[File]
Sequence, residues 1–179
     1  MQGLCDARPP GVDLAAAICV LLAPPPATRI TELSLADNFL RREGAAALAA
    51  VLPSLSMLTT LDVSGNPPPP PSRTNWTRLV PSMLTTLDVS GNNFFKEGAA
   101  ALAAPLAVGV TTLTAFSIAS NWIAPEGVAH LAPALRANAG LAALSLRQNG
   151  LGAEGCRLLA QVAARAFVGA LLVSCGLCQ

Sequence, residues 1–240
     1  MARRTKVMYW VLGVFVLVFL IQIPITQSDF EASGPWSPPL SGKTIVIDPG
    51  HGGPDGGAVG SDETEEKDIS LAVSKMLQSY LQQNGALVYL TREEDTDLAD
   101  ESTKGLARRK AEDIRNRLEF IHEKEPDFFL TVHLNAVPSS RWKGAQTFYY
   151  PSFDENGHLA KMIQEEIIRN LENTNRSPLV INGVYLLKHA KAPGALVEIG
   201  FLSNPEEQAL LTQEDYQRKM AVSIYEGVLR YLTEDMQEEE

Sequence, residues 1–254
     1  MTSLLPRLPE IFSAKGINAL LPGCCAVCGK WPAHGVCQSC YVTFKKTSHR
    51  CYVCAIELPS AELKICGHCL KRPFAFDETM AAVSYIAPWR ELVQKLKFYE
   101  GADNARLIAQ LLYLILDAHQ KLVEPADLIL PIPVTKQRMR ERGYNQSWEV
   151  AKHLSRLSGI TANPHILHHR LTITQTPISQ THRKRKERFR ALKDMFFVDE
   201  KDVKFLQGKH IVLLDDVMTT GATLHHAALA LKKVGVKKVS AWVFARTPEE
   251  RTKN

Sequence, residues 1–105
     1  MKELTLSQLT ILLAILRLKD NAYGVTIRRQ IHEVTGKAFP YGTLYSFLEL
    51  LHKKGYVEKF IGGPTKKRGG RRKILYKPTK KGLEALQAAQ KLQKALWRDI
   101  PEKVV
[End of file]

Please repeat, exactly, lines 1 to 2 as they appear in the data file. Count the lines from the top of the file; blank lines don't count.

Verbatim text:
Sequence, residues 1–179
     1  MQGLCDARPP GVDLAAAICV LLAPPPATRI TELSLADNFL RREGAAALAA